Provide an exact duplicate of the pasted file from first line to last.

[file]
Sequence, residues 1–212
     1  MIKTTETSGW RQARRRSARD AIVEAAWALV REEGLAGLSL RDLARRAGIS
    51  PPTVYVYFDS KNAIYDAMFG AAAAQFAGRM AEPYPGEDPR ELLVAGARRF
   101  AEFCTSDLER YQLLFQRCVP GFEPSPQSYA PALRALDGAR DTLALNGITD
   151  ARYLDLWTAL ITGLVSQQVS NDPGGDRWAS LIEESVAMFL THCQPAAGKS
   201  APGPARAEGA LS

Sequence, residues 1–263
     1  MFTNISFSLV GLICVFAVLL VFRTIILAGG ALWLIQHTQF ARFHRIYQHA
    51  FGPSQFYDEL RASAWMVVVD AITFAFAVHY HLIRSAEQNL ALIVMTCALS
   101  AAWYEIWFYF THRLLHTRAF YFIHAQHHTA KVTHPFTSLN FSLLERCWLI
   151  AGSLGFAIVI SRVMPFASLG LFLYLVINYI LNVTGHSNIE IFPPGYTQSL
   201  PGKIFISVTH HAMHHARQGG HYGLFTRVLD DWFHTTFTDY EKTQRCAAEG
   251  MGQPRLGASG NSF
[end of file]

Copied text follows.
Sequence, residues 1–212
     1  MIKTTETSGW RQARRRSARD AIVEAAWALV REEGLAGLSL RDLARRAGIS
    51  PPTVYVYFDS KNAIYDAMFG AAAAQFAGRM AEPYPGEDPR ELLVAGARRF
   101  AEFCTSDLER YQLLFQRCVP GFEPSPQSYA PALRALDGAR DTLALNGITD
   151  ARYLDLWTAL ITGLVSQQVS NDPGGDRWAS LIEESVAMFL THCQPAAGKS
   201  APGPARAEGA LS

Sequence, residues 1–263
     1  MFTNISFSLV GLICVFAVLL VFRTIILAGG ALWLIQHTQF ARFHRIYQHA
    51  FGPSQFYDEL RASAWMVVVD AITFAFAVHY HLIRSAEQNL ALIVMTCALS
   101  AAWYEIWFYF THRLLHTRAF YFIHAQHHTA KVTHPFTSLN FSLLERCWLI
   151  AGSLGFAIVI SRVMPFASLG LFLYLVINYI LNVTGHSNIE IFPPGYTQSL
   201  PGKIFISVTH HAMHHARQGG HYGLFTRVLD DWFHTTFTDY EKTQRCAAEG
   251  MGQPRLGASG NSF